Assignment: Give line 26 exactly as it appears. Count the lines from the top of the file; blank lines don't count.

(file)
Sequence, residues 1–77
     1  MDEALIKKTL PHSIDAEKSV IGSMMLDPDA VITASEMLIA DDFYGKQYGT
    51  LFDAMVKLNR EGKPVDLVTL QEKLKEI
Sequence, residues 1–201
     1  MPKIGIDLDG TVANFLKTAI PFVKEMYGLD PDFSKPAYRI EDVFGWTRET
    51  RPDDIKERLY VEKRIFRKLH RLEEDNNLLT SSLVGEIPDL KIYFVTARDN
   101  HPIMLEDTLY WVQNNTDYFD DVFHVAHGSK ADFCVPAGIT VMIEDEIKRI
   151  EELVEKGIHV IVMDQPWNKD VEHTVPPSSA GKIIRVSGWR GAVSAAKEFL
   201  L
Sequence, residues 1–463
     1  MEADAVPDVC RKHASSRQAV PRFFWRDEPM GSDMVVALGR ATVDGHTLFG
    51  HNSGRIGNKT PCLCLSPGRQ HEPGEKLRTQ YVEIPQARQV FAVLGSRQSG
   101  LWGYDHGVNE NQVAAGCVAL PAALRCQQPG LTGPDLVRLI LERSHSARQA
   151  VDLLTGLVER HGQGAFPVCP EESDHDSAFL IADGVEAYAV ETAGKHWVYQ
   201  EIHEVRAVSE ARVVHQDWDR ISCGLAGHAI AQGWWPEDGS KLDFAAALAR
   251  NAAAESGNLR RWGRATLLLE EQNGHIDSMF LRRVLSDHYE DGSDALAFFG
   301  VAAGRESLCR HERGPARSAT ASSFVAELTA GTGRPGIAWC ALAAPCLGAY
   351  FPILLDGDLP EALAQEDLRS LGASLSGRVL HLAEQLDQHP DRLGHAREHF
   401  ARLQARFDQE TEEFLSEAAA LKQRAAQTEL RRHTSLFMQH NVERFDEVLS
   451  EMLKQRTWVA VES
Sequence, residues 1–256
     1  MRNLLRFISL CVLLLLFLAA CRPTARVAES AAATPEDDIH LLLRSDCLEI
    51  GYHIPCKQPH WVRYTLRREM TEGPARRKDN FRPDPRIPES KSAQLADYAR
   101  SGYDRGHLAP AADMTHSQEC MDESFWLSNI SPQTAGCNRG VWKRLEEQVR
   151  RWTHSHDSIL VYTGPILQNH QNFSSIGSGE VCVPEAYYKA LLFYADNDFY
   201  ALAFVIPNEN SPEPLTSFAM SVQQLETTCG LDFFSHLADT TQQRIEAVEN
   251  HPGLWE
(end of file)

   201  ALAFVIPNEN SPEPLTSFAM SVQQLETTCG LDFFSHLADT TQQRIEAVEN